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FCN No. 56  Thomas Brendler
 Jul 31, 2002 07:32 PDT 

Published by the National Network of Forest Practitioners

No. 56
July 31, 2002

2002 Fire Season Update
FY2003 Interior Appropriations Bills Include Emergency 2002 Fire Money
EAP Funding Restored To FY2003 Appropriations Bills
New Legislation To Expedite Forest Thinning Introduced In The House
FY2003 Ag Bill Passes Committee
PILT Bills Considered In Committee
Stewardship Contracting Considered In Hearing
Gateway Community Collaboration Bill Passes Committee
Majority of Agency Time Spent on Lawsuits

The $321 million allocated to the USFS for fire fighting this year was
spent by July 5 on fires raging throughout the West. As of yesterday,
32 large fires are burning across the country and a total of 3,986,535
acres have already burned this year (more than 2 times the 10 year
average). The USFS now estimates that at least $966 million (almost 25%
of the agency?s entire budget) will be needed by the end of the 2002
fire season. The Forest Service is currently ? borrowing? money from
other accounts. The U.S. Forest Service is also freezing all spending
not directly related to fighting wildland fires or to day-to-day
operations, according to a memo received Wednesday by Arizona officials.
That means campgrounds that need work won't see repairs, Forest Service
employee travel is halted, and pending contracts will be delayed until
at least Oct. 1, when the agency receives its next round of funding from
Congress. The FY2002 Supplemental Appropriations Bill (largely focused
on Homeland Security) does include $50 million in additional funds for
USFS and BLM fire fighting accounts. This bill passed the Senate on July
25 and the funds will be available immediately. Another $700 million in
emergency fire fighting funds for fiscal year 2002 may be included in
the FY2003 budget (see below), however, these funds will not be
available until October at the earliest. For updated information and
statistics on the national fire situation visit

On July 17, 2002, the House passed the FY 2003 Interior and related
agencies appropriations bill, HR 5093 by a 377 to 46 vote. The bill
allocates a total of $19.7 billion for the Interior and Related
Agencies, with $700 million for BLM and Forest Service wildfire fighting
in 2002. The Senate appropriations bill, not yet approved by the full
Senate, includes $19.3 billion in spending for FY2003 with $2 billion
allocated for the Forest Service and the Bureau of Land Management?s
fire fighting programs for fiscal year 2003, ($200 million less than the
amount allocated in the House spending bill). The Senate is expected to
match the $700 million for 2002 emergency wildfire fighting allocated in
the House version of the bill. For more information on the Interior
bill visit: http://www.house.gov/appropriations. For more information on
the Department of Interior?s budget visit: http://www.doi.gov.

According to the Capital Press, ?Efforts by Northwest timber-dependent
communities to save federal assistance programs from the budget ax have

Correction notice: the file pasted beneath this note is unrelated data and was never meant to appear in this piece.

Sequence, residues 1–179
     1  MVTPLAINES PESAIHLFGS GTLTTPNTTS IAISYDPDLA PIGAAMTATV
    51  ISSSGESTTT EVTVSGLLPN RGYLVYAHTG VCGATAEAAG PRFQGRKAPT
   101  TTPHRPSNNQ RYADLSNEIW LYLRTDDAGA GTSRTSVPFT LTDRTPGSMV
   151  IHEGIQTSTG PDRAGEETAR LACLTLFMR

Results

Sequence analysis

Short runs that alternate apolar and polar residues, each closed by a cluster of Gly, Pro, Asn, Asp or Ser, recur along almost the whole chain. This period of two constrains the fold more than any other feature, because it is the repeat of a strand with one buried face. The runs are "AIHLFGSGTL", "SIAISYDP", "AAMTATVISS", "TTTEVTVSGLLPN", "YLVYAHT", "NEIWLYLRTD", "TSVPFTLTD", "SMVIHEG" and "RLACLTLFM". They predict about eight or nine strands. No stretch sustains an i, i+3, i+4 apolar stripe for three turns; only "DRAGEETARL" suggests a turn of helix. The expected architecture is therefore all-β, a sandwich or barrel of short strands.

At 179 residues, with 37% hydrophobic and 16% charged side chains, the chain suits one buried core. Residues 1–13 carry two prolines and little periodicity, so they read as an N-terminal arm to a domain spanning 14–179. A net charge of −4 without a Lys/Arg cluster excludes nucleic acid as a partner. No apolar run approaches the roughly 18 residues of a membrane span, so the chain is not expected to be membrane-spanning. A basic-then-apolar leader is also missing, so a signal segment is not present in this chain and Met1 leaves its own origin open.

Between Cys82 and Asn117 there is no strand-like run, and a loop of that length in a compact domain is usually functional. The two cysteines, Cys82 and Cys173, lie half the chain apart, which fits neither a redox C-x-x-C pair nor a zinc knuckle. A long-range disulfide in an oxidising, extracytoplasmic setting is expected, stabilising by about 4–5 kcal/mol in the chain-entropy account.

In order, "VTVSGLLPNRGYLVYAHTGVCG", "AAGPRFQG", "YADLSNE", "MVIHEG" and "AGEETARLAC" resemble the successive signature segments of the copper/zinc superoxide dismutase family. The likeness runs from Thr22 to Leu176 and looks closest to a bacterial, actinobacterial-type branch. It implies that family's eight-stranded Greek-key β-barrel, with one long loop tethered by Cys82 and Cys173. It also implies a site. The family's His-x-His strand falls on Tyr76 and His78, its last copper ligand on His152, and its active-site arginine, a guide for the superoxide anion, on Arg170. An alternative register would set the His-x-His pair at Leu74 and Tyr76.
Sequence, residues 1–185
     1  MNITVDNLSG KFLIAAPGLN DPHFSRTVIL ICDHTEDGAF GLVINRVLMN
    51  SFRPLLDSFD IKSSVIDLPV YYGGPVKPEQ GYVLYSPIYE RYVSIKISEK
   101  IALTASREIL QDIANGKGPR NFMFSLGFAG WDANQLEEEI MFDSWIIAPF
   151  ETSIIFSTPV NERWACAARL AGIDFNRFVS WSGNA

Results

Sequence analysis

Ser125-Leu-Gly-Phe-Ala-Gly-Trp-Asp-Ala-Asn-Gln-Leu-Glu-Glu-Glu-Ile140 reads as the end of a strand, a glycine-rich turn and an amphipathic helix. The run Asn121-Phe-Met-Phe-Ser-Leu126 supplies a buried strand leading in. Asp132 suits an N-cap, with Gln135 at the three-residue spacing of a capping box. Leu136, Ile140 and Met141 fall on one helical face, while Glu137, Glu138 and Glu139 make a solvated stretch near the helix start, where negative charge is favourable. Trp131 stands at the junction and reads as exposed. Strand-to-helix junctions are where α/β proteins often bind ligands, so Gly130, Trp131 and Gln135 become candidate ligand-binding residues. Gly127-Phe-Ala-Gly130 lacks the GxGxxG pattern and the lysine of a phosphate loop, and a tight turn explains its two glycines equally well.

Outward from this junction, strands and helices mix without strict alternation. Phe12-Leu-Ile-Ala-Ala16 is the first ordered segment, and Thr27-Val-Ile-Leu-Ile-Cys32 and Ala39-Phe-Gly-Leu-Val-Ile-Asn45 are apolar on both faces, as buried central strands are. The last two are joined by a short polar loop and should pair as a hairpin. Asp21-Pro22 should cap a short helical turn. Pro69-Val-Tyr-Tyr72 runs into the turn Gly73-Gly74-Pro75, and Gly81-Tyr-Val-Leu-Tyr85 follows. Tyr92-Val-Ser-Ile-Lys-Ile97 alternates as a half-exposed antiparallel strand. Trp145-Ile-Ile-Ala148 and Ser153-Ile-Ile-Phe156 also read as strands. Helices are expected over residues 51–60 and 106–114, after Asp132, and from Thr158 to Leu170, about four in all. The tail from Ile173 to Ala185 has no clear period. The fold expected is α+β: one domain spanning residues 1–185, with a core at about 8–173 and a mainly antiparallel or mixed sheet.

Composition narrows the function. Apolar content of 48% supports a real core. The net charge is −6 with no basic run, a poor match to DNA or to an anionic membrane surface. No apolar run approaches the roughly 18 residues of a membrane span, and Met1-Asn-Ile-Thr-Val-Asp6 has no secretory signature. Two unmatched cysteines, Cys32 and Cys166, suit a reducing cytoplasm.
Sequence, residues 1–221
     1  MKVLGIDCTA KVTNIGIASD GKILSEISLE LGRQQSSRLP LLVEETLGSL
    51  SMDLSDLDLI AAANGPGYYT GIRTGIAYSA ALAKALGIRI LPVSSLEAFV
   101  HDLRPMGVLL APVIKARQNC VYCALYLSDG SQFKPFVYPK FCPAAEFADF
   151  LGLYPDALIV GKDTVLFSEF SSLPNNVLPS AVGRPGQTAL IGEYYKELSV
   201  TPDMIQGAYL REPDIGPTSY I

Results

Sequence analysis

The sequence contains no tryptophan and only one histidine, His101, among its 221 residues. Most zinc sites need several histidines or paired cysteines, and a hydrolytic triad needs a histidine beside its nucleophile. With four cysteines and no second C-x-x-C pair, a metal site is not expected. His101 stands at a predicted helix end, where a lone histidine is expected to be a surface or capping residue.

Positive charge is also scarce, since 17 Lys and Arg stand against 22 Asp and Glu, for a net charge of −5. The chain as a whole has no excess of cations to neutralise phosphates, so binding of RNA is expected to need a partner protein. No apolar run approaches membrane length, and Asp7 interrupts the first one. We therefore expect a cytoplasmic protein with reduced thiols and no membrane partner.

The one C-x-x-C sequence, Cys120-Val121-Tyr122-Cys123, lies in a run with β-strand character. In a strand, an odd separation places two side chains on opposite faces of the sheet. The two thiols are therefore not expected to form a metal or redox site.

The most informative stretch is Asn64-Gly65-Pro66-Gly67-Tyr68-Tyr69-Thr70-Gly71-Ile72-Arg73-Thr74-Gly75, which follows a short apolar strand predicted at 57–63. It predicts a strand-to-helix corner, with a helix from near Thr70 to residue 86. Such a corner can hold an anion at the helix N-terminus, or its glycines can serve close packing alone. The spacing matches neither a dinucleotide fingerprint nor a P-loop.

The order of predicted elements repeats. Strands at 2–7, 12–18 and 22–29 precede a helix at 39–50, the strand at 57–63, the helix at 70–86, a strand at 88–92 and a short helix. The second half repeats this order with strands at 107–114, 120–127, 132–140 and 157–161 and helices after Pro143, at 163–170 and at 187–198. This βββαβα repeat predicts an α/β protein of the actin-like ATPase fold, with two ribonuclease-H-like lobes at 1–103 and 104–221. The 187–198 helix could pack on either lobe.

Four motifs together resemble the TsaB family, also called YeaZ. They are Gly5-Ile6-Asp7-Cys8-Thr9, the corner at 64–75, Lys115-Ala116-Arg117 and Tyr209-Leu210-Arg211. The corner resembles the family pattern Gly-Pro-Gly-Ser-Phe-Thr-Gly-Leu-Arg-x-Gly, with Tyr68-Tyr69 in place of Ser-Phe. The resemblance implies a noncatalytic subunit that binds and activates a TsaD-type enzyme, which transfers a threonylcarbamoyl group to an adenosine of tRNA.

partially succeeded. House and Senate appropriations committee members
last week approved funding to continue for another year Forest Service
Economic Action Programs, which President George W. Bush slated for
elimination in his FY2003 budget proposal earlier this year.? However,
the committees cut spending by at least $6 million and agreed to zero
out the Pacific Northwest Assistance program. The House Interior and
related agencies FY2003 appropriations bill restores $19.98 million in
regular EAP and $12.5 million in Fire Plan EAP. This amounts to a total
of $32.39 million ($15.79 million below 2002 enacted). Language included
in the bill states ?The Committee disagrees with the administration's
proposal to eliminate entirely the economic action programs. These cost
share efforts provide vital capacity building for rural communities
which can aid greatly the forest dependent communities. The Committee
has agreed to phase out the Pacific Northwest Assistance specific
funding line item but the funding for economic recovery and rural
development are increased to partially offset this change. Pacific
Northwest area communities may compete for these funds on an equal
footing with other forest dependent communities." The Senate Interior
appropriations bill includes $ 29.5 million for regular EAP programs
($5.98 million less than last year) and $7.472 million in National Fire
Plan EAP, for a total of $36.972 ($11.008 million below last year). The
Senate bill language states, ?The Committee believes that the EAP
programs are crucial to assisting rural timber-dependent communities,
many of which have acute economic problems.?

An agreement among loggers, landowners, community officials, roadless
proponents and the U.S. Forest Service has been written into law as part
of the Defense Department supplemental appropriation bill. The amendment
was introduced by Senate Majority Leader Tom Daschle to allow the Black
Hills National Forest in South Dakota a special National Environmental
Policy Act (NEPA) exemption to receive an expedited route to removing